The Battalion. (College Station, Tex.) 1893-current, April 30, 1942, Image 8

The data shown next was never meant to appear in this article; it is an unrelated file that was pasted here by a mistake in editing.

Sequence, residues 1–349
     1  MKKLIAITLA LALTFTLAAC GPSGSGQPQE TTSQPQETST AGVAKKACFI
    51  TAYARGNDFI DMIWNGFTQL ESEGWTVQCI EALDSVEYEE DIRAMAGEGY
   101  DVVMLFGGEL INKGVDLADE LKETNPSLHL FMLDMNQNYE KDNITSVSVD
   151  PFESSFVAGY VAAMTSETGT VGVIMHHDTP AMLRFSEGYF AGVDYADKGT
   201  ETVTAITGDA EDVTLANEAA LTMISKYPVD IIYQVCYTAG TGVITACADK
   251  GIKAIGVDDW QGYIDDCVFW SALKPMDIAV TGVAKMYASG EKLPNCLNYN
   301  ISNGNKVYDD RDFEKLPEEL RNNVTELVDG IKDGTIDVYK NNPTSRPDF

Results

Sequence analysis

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Page 8- THE BATTALION -THURSDAY MORNING, APRIL 30, 1942 Official Notices Meetings EX 4-H CLUB—--There will be a meeting of the Ex 4-H Club tonight at 7:15 in Room 132 of the A. & I. building. Next year’s officers will be elected. NEWCOMERS’ CLUB—The Newcomers’ club will have a picnic at Hensel Park Saturday, May 2, at 5:00. In case of pre it_ will be held at ScKool. lay 2, at i> :UU. In case rain enough to prevent an outdoor picnic, A. & M. Consolidated AGRONOMY SOCIETY—There will be a short but very important meeting of the Agronomy Society tonight at 7 :15, in Room 310, Ag. building. SAILING CLUB There will be a spe- ight picture of sailing i Caribbean will be shown, and plans for next year’s sailing trips will be discussed. All old members are urged to attend and new members are invited. MECH. ENG.—There will be a meeting of the American Society of Mechanical En- of the American Society of Mech gineers Thursday night at 7:00 the Chemictry lecture room. Co lard Chevalier, executive of the McGraw- Hill Publishing Company will be and will speak. All engineers who are in terested are invited to attend. Alsc for the barbecue will be discussed. p. m. in Colonel Wil- [cGraw- present 10 are i Iso, pla RURAL SOCIOLOGY CLUB—The Ru ral Sociology club will meet tonight at 8:00 o’clock in Room 203, Agricultural building. There will be an election of of ficers for the coming semester. Arrange ments will be made for the annual barbe cue. This is an important meeting. pended from 1 to 4 p.m. today to permit a review.—F. C. Bolton, Dean. Announcements ,y 1—Page; Sbisa Hall. ant and Ball—Guion Hall Ma: and S^iocv jia-,i. May 1—Baseball Game—T.C.U. vs. A. & M.—College Station. May 2—Kream & Kow Klub Dairy Day —Creamery building—8 a. m. May 2—Baseball Game—T.C.U. vs. A. & M.—College Station. ENGINEERING STUDENTS—All engi- from clas May 1 to hear the lecture by Colonel Willard Chevalier in Guion Hall. A roll will be taken.—F. C. Bolton, Dean. en neering students are excused from classe at 11 o’clock Friday, May 1 to hear th JUNIOR ENGINEERING STUDENTS A limited number of junior engineering students are offered summer employment with the Curtiss-Wright Corporation. Sal ary, $25 per week plus overtime. Interested juniors should contact the Placement Of fice, Association of Former Students, Room 133, Administration building. ENGLISH CONTEST EXAMINATIONS —Students who have qualified for the glish Contest for Freshmen F. M. Lgw English Coi and the William Morriss English Contest for Sophomor inati animations will be held m the Library classroom at 8 p.m. on Thursday, April i. Examinees may use either ink or soft >ncil (No. 2, HB, or F). iThe following are eligible for the Soph omore Contest: W. F. Banks, G. J. Charle- bois, S. R. Gammon, Jr., H. S. Jacobson, G. R. Rawley, Helmut Sommer, and Geo. H. Spencer. The following, are eligible for the Fresh- an Contest: William H. Andrew, W. L. Baker, Richard L. Bolen, A. W. Camp bell, J. W. Holloway, F. I. Jones, H. L. KREAM AND KOW KLUB—The Kream and Kow Klub will hold its annual picnic Thursday, April 30 at Cashion Cabin. The time is 5 p.m. All club members, faculty members, and their wives are invited. LANDSCAPE ART CLUB—There will be a meeting of all students majoring in Landscape Art tonight at 7:30 in the Drafting room of Francis hall. There will be an election of officers for the next school year. All members are urged to be present. Executive Offices NO CLASSES 1-4—Classes will be sus- SKFET WAV TAXI PHONE 2-1400 Regulation KHAKI TIES We have a complete stock of 4-in-hand or Sta-Ties 50^ - 65^ - $1.00 r Only to look and feel like this • • • ~T A » L O tt E D B v G-Q. Q-P — 1 = ^ FRO M THE Gif N U IN fe CLOT K For The COTTON BALL Wear a PALM BEACH White Barathea . . . for looks, style and comfort. Come in, try one on . . . wear it for the Cotton Ball and all summer long. You’ll be assured of be ing well-dressed in a PALM BEACH White. fllaldropaff Two Convenient Stores College Station — Bryan ilipson, J Entrants olloway, Philipson, R. Shanks, William W. Ward. whose names are omitted failed to meet one or more of the conditions of eligibility. Geo. Summey, Jr. CIRCULAR NO. 35: 1. In compliance with the request of the committee in charge of the COTTON BALL, approved by the organization commanders concerned, DORMITORY NO. 6 will be vacated by cadets FRI DAY and SATURDAY nights, MAY 1 and 2, 1942, in order to provide ac commodations for visiting girls at tending the COTTON BALL and CORPS DANCE on those nights. 2. Cadets having guests will be assessed a charge of 50(‘ per guest to cover cost of matrons, maid service, and other in cidental expenses. 3. The Organization Commanders are charged with the responsibility for see ing that rooms and corridors are left in a neat, orderly condition for the reception of guests. 4. Cadets concerned will vacate this area by 1:00 P. M., MAY 1 ; guests will be admitted at 3 :00 P. M. Cadets will be readmitted to the hall at 12:00 noon, MAY 3, by which time guests must be out of the dormitory. , 5. Guests staying in the dormitory must be in not later than 3 :00 A.M., FRI DAY and SATURDAY nights. Guests must check in with the matron upon their return to the dormitory after the dance. When reservations have been made for guests they will not be per mitted to check out until departure for their homes. This will be done with the matron. Escorts will be held strictly accountable for compliance with these instructions. Guests will not be rooms that are permitted not equii to occu equipped w ipy ith shades. Cadets making reservations eck wii dscerta equippi not, provide shades. aons should check with the occupants of the room to Ascertain whether or not the i .-f tie occi scertain whethe: quipped with shades and if not, provide shadt 7. Reservations may be made by cadets living in DORMITORY NO. 6, WED NESDAY, APRIL 29, from 8:00 A. M. qntil 5:00 P. M., who wish to reserve their own rooms. After 5:00 P. M. on that date, reservations will be open to other students. 8. D, F, & I BATTERIES, FIELD AR TILLERY, will be excused from Reveille SATURDAY, MAY 2, 1942. By order of the COMMANDANT: JOE E. DAVIS, Captain, Infantry, D.W., Assistant Com mandant. HEADQUARTERS RESERVE OFFICERS TRAINING CORPS MEMORANDUM NO. 8 1. The FEDERAL INSPECTION of the R. O. T. C. UNIT on April 29 and 30, 1942, will be conducted by the following officers: Colonel E. A. Keyes, Cav., Civilian Com ponents Officer. Colonel Charles L. Mitchell, Inf. Colonel William J. Calvert, Q.M.C. Colonel John Perkins, C.A.C. Lieutenant Colonel Osgood C. McIntyre, F. A. Lieutenant Colonel Benjamin F. Chad wick, C. E. Lieutenant Colonel Richard A. Eads, C. W. S. Major James B. Wise, Jr., Cav. Captain Grady T. Turner, Sig. C. Second Lieutenant Daniel C. Cutter, Ord. Dept. 2. The .program for inspection and the entertainment of Inspecting Officers will be as follows: Wednesday, April 29 7:15 a.m., Breakfast, Sbisa Hall for Inspection Party. 8:00 a.m., All Senior Instructors to meet Inspecting Officers in office of P.M.S.&T. 8:00 a.m. to 12 noon, Inspection as per schedule. 12:00 noon, Luncheon, New Area Mess Hall. Senior Cadet Officer of each unit will invite during the morning the Inspec tor for that unit to the luncheon and will arrange the place and time of meeting Inspector. Colonel Keyes will be guest of Cadet Colonel TOM GILLIS. 1:00 p.m. to 3:00 p.m., Inspection as per schedule. 3 :00 p.m., Inspecting Party will assem ble in office of P.M.S.&T. for call on President of the College. 7:00 p.m., Dinner for Inspecting Party. 7 :15 a.m., Party, Sbisa Hall. , Dinner tor inspect Thursday, April 30 ., Breakfast for Inspecting 8:00 a.m. to 12:00 noon, Inspection as per schedule. 12»:00 noon. Luncheon with College Of ficials, Sbisa Hall. Each Senior Instructor to escort respective Inspector so as to ar rive at the place for the Corps Review at 1:20 p.m. ie cadet will so prepare his clothing, equip ment, person, and quarters, and timself as 3. The Commandant expects that each lis clothing, equip- quarters, and so con- as to reflect great credit upon Cadets. Ca- •d to wear their sleeves rolled down, shirts properly buttoned, and ties properly tied at all times when the uniform is. being worn. 4. The following will govern the wearing of the uniform from REVEILLE, April 29, to RETREAT, April 30: (a) Cotton shirt, cotton trousers, (or boots and breeches), service hat, for all drills or exercises (except when coveralls cribi are prescribed by Senior Instructors) (b) No. 1 uniform for review. (c) For all laboratory classes regula tion fatigue clothing with service hat. 5. Non-military students not specifically exempted from wearing of the uniform will comply with the provisions of Para graph 4 (a) and (c), above. 6. Organization Commanders will be held iar ag: By order of' Colonel WELTY: •ganization Uommanders wi responsible for compliance with the spe cial provisions of Paragraphs 3 and 4. A. J. BENNETT, Major, C.A.C., Executive Classified State Farm Insurance Companies offer low cost Auto, Life and Fire policies.— S. D. Snyder, Local Agent. Phone 2-2629. Box 1555, College Station. LOST—1 key chain with 4 keys. Lost between old mess hall and Bizzell Hall. Very important. Please return to Walling ford/ 154 Bizzell Hall. —CONTEST— (Continued Prom Page 1) William Morriss English Contest for Sophomores are: W. F. Banks, G. J. Charlebois, S. R. Gammon Jr., H. S. Jacobson, G. R. Rawley, Helmut Sommer and George H. Spencer. Prizes in the freshman contest consist of first prize of $20 in cash and second prize of $5 cash, and are donated by F. W. Law, presi dent of the Board of Directors of the college. Sophomore contest prizes are contributed by William Morriss of Dallas and consist of $15 in cash as first prize and $10 cash for second place. —KYLE FIELD— (Continued from page 7) spring has disappeared . . . Bibb Faulk, the genial Steer coach, has finally uncovered an adequate pitching staff . . . Bill Dumke, the Longhorn “sore-arm” hurler has finally hit his stride and has ma terialized as the college hurler he was expected to be in his sopho more year . . . Bibb’s first choice is Dumke and for his second, he has uncovered a sensation in square-jawed Bob Strelsky . . . the latter was picked off the in tramural lots and so far has de livered every time out ... he hasn’t the stuff which makes Dum ke a fine prospect but he has a competitive spirit and good control, . . . That was from the Steers News Service. With 13 stations scattered throughout the state carrying the program, the University of Wis consin band is in its fifth year of broadcasting concert music. Classified PERSONAL—Two months but ago person borrowed a tux from 89 Leggett and left a note that the tux would bi turned. The note was signed “Jack” as yet he has not returned. Should you happen to know who this person is please ask him to return the suit. No questions will be asked. asl lege Park. Unfurnis ig<> a pa ilied. PI hone 4-5434. FOR RENT—Furnished apartment in Meadowbrook, between College and Bryan. Phone 2-2319. LOST—A small brown bag at the cor ner in Houston. If found please return to Room 407 No. 2. Reward. FOR SALE 1 —Excellent awning, 8 feet long. Five dollars. Call Mrs. Torrance. 4-8274. FOR RENT—5-room new house, fur nished. All modern. 521 Walton Drive, College Hills. Phone 4-7699. HOUSE FOR RENT—5-room unfur nished house across from Grant’s Filling Station. Phone Louis Mais and ask for Frank Visoski. BICYCLE WANTED—Woman’s bicycle in good condition. Call 4-7719. Texas Has Large Vitamin A Source Texas range forages even when dead • or dormant were found to contain considerable amounts of carotene, according to a paper pre sented by Dr. A. R. Kemmerer of the Agricultural Experiment Sta tion at t|ie Memphis meeting of the American Chemist Society, April 22. Dr. J. F. Fudge and Dr. G. S. Fraps were joint authors of the paper with Dr. Kemmerer. Carotene is the substance in plants that is converted into vita min A when it is fed to animals. Most of the dead or dormant for ages contain not less than 4.0 parts per million carotene. This amount of carotene is en ough to satisfy the vitamin A re quirements of range cattle; which, according to work done at the same Experiment Station, is 1500 micrograms ’ of carotene per 100 pounds of live weight. Sumac and kafir silage also contained appre ciable amounts of carotene; en ough if the silage is fed in quan tity, to meet the maintenance re quirements of cattle. The dried forages do not supply enough carotene for milk produc tion by dairy cows. Dairy cows need nearly a million micrograms of carotene daily to produce butter fat high in vitamin A. This can be obtained from almost all of the green forages analyzed. For a source of vitamin A green forages are the least expensive and most abundant, the scientists found. —DISTRACTIONS- (Continued Prom Pag# I) “TARGET FOR TONIGHT,” the film made by the British Royal Air Force about itself, plays today at Guion Hall. There will be no show at Guion Friday because of the Cotton Pageant festivities. “Target for Tonight” is a true- to-fact dramatization of an air raid on German oil fields. Its “ac tors” are boys and officers from the R.A.F. Thfe details of the bombing raid, are shown from the time the reconnaissance planes re port with aerial photographs to the ■ time the bombers accomplish their mission and return to Eng land. Throughout the picture, there is no evidence of ‘heroics,” and play ers and scenes are all shown as they actually are—a definite nov elty for movie-goers. Eastern Oregon college students have formed their own air raid protection unit and first aid corps. McQuillan Addresses Chemical Engineers The student chapter of the A. I. Ch. E. held its annual banquet last Thursday evening at 6:30 in the banquet room of Sbisa hall. The guest speaker for the evening was E. E. McQuillen who present ed .an interesting view of the work of the Former Students Associa tion. Other guests of honor included Mrs. McQuillen, Dr. and Mrs. J. D. Lindsey, Dr. W. D. Harris, F. F. Bishop, and Mr. and Mrs. J. E. Hewson. Officers inducted for the coming year include Jasper Barrett as president, George Wunderlich as vice-president, and Bill Brandon as secretary-treasurer. Jack Hagan was selected to serve as the junior representative on the Student En gineers Council. The retiring officers were W. G. Domaschk, president, Jasper Bar rett as vice-president, and W. C. Swain as secretary-treasurer. A H Sophomores Stage ’42 Contest Again animal husbandry sopho mores will compete against each other in the annual sophomore livestock judging contest to be held Saturday morning, May 2 in the A. H. Pavilion. The contest will start at 9 a.m. judging will be done in the morn ing and reasons will be given that afternoon. There will be eight classes of livestock judged, two of beef catle, two of swine, two of sheep, and two of horses, but rea sons will be given only on one class from each division of stock. Senior members of the Saddle and Sirloin Club, assisted by tS| juniors will have charge of the con test, while the animal husbantA y professors will take reasons on the various, classes Section leaders will be J. R. “Shorty” Fuller, as sisted by W. M. Parker, F. R. Andrewald assisted by E. W. Cox, Bill McBride, assisted by Clarence Wade, and F. T. Dalby, assisted by Jake Fritsch. Other members of the club will assist with the re cording of grades, keeping time, and taking uf? of the cards. Medals this year, as years past, will be given to the five high point men. A good turn out of contestant^ is expected. Naval Air Corps Requirements Lowered to Admit High School Grads For the first time in the history of the Navy air branch, educational requirements for applicants tior cadetship and commissions as aviators have been lowered to allow the en listment of high school graduates and 18-year-olds, it was announced Saturday by Lieutenant Commander Barry Hol ton, senior member of the naval aviation cadet selection board. ^ “Heretofore,” Commander Holton said, “Navy aviation requirements have been such as tcf 7 Four hundred sixty-five co-eds ( at the University of Wisconsin are learning standard Red Cross fjrst aid methods in a special course. demand two years of college edu cation from the applicant. The lowering of the requirements is directly caused by the rapid expan sion of the fleet air arm and the speeded-up war program.” Age limits on applicants for naval aviation training have been lowered to include youths 18 years of age, Holton revealed. The previous requirement was 19 years. Commander Holton, quoting the announcement from superior of ficers in Washington, said: “The age limit for applicants for naval training is now 18 and they may be graduates of accredited second ary institutions and high schools who are desirable officer material and physically qualified and who demonstrate aptitude for flight training by passing’ an aptitude test.” Holton pointed out that appli cants under the new age limit and educational requirement must furnish a transcript of their high school credits, three letters of rec ommendation and birth certifi cates amj passport type photos of themselves. If they are under 21 years of age, they are required to have the written consent of their pa rents or guardians. All applications for Texas and Oklahoma for navy flying under the new plan will be made as usual through the Naval Aviation Cadet Selection Board in the Allen Build ing, Dallas, Young men may ap ply at their nearest recruiting sta tion and may be allowed govern ment transportation to Dallas. Sucessful applicants will be commissioned Ensigns in the fleet air arm upon successful comple- ASCE Concludes Season with Banquet The A. & M. Student Chapter of the American Society of Civil Engineers concluded its year’s ac tivities Tuesday night with the an nual banquet, which was held in the banquet room of Sbisa Hall. Colonel Willard Chevalier of the McGraw-Hill Publishing Co. was the principal speaker. tion of both primary and advanced training. Primary training is giv en at the Grand Prairie, Texas air base while advanced training is given at Pensacola, Jackson ville or Corpus Christi. Salary for navy pilot Ensigns is $245 per month including flight pay. Secretary Knox Appeals to Colleges New Orleans, La., April 29.— Emphasizing the importance of en listing 80,000 college freshmen and sophomores to meet the Navy’s future officer needs, Sec retary of the Navy, Frank Knox, has telegraphed the heads of 1,000 colleges and universities urging that they give the newly announc ed Class V-l their whole-hearted support. Secretary Knox said that through Class V-l, the U. S. Navy is counting upon the nation’s col lege freshman and sophomore classes to provide future officers for the U. S. Navy. He stated that Class V-l which enables those who enlist in the Navy to continue their education at least until the end of their sec ond year, is “democracy’s intelli gent and practical way of meeting America’s urgent need for thou sands of young college-trained of ficers without breaking down our educational standards or forget ting future needs for trained men for civilian life after the war is won. ’ . Approximately 400 colleges and universities already, have agreed to participate in the V-l program which offers the colleges the spe cial plan by which under-classmen between the ages of 17 and 20 may enlist as apprentice seamen but can at the same time stay in col lege. 6 Pairs of SENIOR BOOTS $17.50 - $20.00 LOUPOT’S For more Flavor For more Mildness The smoke of slower-burning: Camels contains 28% LESS NICOTINE than the average of the 4 other largest-selling brands tested—* less than any of them—accord ing to independent scientific tests of the smoke itself! Camel THE CIGARETTE OF COSTLIER TORACCOS B. J. Beynolds Tobacco Company, Winston- Salem, N. C.